The National Hurricane Center (NHC) is monitoring four areas in the Atlantic basin that have the potential for tropical development as Category 4 Hurricane Hilary churns closer to the U.S. in the Pacific.
The closest disturbance to the U.S. is located in the southwest Atlantic. The wave is expected to increase rain chances in South Florida over the weekend before entering the Gulf of Mexico next week. According to the NHC, the disturbance has a low chance of development – near 0% within two days and 50% within a week. Once free from the influences of the land, the disturbance will have the best chance for development before generally heading westward towards Texas.
A second feature is located about 400 miles away from the Lesser Antilles. The NHC said some slow development of this system is possible over the weekend and into early next week as it moves generally west-northwestward at 10-15 mph across the Lesser Antilles and into the northeastern Caribbean Sea. Due to shear and dry air, forecasters have given the disturbance the lowest chances of development out of all the tropical entities. It has only a 10% chance of forming in two days and a 30% chance in a week.
Furthest east, the NHC is monitoring two invests with a medium and high chance of development over the next week. An invest is the designation the NHC uses to identify an area of disturbed weather being investigated for possible tropical development.
The first invest is 99L. The elongated trough of low pressure is located roughly halfway between the Cabo Verde Islands and the Lesser Antilles and is producing some disorganized showers and thunderstorms. The NHC said a tropical depression could still form during the next couple of days while it moves west-northwestward at 10 to 15 mph across the central tropical Atlantic. The area has a 40% chance of development over the next two days and a 40% chance over the next week.
The second invest is located in the eastern Atlantic and is known as 98L and is located a few hundred miles west of the Cabo Verde Islands. The NHC said further development of this low is possible while it moves toward the west-northwest at about 10 mph. A tropical depression could form over the weekend before environmental conditions become unfavorable for development early next week. The disturbance has a 70% chance of development during the next two days and a 70% chance during the next week.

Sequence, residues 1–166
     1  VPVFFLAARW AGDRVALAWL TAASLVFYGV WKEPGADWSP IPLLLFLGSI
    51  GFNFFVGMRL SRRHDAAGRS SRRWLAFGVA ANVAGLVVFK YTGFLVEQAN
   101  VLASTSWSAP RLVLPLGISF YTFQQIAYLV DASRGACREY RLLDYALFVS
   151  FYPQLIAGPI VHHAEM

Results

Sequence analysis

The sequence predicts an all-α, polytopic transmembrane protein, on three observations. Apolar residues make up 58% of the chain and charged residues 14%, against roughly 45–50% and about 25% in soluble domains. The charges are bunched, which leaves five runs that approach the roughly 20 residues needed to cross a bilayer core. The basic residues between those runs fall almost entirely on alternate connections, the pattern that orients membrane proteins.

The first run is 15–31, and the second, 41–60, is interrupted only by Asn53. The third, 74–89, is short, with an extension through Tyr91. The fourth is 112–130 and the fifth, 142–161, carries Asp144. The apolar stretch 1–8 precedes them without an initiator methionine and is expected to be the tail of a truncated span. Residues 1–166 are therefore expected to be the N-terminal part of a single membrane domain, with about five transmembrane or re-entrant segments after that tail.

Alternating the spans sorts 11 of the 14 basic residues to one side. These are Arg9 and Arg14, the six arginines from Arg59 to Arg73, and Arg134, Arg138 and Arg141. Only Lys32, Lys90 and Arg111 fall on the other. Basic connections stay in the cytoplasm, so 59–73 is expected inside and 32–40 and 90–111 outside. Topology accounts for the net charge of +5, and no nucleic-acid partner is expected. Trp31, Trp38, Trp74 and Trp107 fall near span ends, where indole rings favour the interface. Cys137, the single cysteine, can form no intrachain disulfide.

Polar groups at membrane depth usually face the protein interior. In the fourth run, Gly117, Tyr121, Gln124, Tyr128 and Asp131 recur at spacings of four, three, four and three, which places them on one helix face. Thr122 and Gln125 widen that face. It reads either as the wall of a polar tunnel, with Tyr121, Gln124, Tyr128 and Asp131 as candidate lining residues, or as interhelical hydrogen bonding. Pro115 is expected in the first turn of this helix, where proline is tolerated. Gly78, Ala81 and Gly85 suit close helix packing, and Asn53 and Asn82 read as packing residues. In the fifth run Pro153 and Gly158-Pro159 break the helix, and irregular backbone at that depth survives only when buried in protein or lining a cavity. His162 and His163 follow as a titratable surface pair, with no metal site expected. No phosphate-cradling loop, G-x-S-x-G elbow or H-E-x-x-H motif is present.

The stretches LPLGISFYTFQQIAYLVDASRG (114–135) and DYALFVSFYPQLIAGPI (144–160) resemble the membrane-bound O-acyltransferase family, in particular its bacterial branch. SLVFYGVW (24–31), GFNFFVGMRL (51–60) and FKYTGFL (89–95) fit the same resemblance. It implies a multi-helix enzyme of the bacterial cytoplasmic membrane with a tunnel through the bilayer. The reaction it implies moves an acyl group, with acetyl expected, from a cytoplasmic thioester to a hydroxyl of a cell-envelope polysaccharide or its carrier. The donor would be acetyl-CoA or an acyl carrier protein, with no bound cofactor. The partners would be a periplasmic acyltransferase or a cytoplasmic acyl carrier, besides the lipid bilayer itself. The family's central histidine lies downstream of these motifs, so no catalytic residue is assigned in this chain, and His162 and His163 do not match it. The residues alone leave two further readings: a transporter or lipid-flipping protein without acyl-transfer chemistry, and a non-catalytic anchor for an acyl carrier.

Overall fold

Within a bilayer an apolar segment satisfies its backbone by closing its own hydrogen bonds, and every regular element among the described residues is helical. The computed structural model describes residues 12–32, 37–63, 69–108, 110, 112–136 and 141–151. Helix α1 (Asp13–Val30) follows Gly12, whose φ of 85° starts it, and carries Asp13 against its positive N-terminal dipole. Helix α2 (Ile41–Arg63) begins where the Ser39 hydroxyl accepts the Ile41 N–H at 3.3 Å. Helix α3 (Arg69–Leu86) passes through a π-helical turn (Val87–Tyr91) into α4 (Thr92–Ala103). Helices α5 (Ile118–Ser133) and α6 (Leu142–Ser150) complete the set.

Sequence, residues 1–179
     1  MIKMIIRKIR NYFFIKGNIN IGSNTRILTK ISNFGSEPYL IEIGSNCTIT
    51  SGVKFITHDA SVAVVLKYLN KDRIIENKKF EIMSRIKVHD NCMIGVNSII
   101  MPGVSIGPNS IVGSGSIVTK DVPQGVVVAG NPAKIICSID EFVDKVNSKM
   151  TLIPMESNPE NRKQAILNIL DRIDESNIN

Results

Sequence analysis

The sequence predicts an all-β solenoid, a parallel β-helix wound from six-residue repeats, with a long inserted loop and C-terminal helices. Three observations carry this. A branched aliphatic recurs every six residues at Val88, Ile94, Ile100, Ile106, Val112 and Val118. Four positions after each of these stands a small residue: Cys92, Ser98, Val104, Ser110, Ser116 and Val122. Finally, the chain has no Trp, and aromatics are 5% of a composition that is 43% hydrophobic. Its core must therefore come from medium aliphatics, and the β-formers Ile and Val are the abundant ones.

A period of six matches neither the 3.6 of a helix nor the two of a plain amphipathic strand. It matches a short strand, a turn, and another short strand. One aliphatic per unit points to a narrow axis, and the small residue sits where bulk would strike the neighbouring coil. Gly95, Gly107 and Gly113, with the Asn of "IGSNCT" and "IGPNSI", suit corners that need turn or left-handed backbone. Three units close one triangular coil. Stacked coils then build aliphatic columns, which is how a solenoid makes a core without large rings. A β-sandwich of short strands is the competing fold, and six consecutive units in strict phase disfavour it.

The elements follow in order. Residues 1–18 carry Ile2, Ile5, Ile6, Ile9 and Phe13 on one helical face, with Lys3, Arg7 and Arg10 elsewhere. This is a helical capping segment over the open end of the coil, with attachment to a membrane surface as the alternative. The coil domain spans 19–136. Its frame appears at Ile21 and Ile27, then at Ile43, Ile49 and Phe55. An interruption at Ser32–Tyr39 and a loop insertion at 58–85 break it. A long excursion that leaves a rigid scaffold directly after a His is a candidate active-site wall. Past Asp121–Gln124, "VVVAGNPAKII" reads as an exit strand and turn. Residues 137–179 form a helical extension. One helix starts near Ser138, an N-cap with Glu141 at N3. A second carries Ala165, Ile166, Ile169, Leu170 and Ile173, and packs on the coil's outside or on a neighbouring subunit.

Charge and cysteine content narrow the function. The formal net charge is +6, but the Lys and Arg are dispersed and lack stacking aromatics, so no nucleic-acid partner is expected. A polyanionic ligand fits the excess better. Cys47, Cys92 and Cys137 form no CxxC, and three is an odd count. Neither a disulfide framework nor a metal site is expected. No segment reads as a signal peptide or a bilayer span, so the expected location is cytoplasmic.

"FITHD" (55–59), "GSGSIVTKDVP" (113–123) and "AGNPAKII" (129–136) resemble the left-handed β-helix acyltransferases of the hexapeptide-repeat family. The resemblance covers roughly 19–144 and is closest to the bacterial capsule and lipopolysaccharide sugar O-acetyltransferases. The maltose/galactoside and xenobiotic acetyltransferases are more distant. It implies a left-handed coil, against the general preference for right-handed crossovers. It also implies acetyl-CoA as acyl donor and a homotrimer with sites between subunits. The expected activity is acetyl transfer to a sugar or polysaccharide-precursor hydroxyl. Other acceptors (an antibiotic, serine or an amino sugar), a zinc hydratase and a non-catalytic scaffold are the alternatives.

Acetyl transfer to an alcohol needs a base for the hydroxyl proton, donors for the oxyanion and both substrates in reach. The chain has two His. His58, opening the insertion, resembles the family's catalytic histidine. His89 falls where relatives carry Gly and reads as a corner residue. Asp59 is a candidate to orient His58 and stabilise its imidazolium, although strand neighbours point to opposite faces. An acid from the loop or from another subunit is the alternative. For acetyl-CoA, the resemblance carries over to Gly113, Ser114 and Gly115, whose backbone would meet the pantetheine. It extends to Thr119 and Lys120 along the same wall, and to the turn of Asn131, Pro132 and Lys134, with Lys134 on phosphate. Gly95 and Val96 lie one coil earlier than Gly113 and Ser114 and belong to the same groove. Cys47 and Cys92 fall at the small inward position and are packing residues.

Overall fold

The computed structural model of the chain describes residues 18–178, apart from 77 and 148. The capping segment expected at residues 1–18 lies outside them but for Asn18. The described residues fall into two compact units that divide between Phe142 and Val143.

Atlantic basin has been unusually quiet
After a busy start to the season, with five cyclones, including a hurricane, there hasn't been much to track in the Atlantic.
The FOX Forecast Center is tracking both Saharan dust and upper-level winds, which are making the basin hostile to development.
NOAA expects warm water temperatures to contribute to the above-normal activity and recently released an updated seasonal forecast which called for 14-21 named storms and 6-11 hurricanes.
Forecasters widely consider August the month when the proverbial "flip of the switch" happens, meaning when hostile conditions tend to relax and allow for more tropical cyclones.
To mark the occasion, hurricane experts at Colorado State University ring a bell every Aug. 20 to signify the arrival of the most active part of the Atlantic hurricane season.
Some years are more active than others, but it doesn’t get quieter than last year’s August.
No tropical storms or hurricanes formed, marking only the second August in the modern satellite era that did not see a named cyclone.
Hurricane season in the Atlantic runs from June 1 through November 30.